Atlus and Ace Team’s “The Deadly Tower of Monsters” isn’t their first stab at a humorous narrative in their games, but it is probably the most overt. The new third-person isometric-viewpoint action/adventure game isn’t exactly groundbreaking, as far as its gameplay is concerned, but the typical dual-stick action is supplemented with some role playing game elements. Of course the real reason to play “The Deadly Tower of Monsters” is its homage to the b-movies of yesteryear, framed in a unique-to-gaming, mockumentary style.
“The Deadly Tower of Monsters” game is presented as a rerelease of an eponymous classic b-movie, complete with director’s commentary on either a VHS or DVD format. The game’s video options actually let you decide to whether play with, or without the film-grain. Despite the visual cleverness, it seems there is some issue as to what time period the developers are channeling. The official website claims “the movie” is from the nineteen-seventies, though “Godzilla,” “Flash Gordon” and the other space operas, along with our fascination with the “Atomic Age” were actually from the nineteen-fifties.
Film history aside, “The Deadly Tower of Monsters” is a competent action game. There aren’t any real puzzles to solve like the ones in the “Lara Croft” games, but the combat is satisfying, and there are a few different gameplay mechanics employed. The melee and missile weapons all work well, and the ability to change a character’s load out is a nice option too. The enemies are varied, and the whole tower concept, along with the limited jet pack mechanic helps to set the game apart from the competition.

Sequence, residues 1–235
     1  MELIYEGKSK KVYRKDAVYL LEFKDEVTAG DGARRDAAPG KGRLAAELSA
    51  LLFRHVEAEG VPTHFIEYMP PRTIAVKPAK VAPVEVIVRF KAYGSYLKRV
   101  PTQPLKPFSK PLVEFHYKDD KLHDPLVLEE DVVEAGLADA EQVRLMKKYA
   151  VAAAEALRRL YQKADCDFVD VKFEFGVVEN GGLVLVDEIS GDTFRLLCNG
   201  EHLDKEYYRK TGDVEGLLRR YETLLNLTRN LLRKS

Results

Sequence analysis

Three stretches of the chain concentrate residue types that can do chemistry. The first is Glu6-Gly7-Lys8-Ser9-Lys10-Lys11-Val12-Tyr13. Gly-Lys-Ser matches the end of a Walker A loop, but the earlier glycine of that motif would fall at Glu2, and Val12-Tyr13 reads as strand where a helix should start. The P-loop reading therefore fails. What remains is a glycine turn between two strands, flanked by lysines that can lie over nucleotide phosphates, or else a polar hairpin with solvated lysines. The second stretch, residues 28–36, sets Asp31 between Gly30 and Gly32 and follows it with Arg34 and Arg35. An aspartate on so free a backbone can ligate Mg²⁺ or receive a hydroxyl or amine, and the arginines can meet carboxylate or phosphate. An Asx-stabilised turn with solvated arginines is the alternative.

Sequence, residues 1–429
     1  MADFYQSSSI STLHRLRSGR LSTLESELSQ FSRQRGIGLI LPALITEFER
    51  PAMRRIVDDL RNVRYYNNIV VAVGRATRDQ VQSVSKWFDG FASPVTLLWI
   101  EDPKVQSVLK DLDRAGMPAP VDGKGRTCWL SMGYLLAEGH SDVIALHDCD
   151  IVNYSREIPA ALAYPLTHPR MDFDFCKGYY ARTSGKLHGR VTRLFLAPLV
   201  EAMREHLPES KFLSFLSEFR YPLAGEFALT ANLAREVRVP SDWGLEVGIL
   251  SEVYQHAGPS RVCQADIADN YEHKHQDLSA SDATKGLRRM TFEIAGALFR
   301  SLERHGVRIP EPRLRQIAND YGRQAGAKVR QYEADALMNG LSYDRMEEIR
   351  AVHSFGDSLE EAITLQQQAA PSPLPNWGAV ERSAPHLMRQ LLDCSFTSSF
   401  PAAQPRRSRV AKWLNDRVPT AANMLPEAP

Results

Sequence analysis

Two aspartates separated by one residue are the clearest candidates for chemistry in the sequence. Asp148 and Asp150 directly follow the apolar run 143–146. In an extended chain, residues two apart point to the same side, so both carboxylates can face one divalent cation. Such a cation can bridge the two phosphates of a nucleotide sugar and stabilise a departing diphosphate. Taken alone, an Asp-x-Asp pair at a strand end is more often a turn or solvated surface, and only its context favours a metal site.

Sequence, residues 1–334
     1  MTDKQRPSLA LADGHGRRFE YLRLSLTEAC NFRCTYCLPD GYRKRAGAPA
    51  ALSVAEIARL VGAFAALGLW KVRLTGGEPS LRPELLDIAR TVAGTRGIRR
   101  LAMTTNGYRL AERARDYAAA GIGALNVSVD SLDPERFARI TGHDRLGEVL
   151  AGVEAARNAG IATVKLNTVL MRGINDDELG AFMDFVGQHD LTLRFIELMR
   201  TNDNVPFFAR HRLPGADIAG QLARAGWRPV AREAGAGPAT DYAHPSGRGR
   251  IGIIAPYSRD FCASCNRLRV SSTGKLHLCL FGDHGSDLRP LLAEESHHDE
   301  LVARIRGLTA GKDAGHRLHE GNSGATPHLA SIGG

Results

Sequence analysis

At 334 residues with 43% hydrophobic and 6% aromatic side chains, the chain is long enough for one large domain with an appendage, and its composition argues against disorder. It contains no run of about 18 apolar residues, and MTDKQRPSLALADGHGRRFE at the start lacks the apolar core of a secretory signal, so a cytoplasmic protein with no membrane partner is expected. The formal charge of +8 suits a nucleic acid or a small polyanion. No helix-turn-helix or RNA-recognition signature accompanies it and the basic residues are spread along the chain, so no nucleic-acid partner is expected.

Of course it’s really that Christopher Guest-like mockumentary approach to the narrative in “The Deadly Tower of Monsters” that really makes the game. The director’s commentary is even delivered in imitation of Fred Willard’s typical movie commentator role, misogyny included. Though the top-down camera makes noticing all of it difficult, the enemies, props and set pieces are all revealed as typical primitive stagecraft. The strings can be seen on the flying creatures, but the intentionally stilted animations of other creatures are a little more difficult to discern.
The director’s commentary is the main source of entertainment throughout the handful hours it takes to play through “The Deadly Tower of Monsters.” The gameplay, for its part doesn’t get in the way, though there were a few times that I did get stuck in an environment and had to reload the save file. Blaming player deaths on the wrong piece of film is an example of how the narrative is perfectly tailored to the game, but beyond that integrated narrative “The Deadly Tower of Monsters” is a fairly standard action adventure jaunt.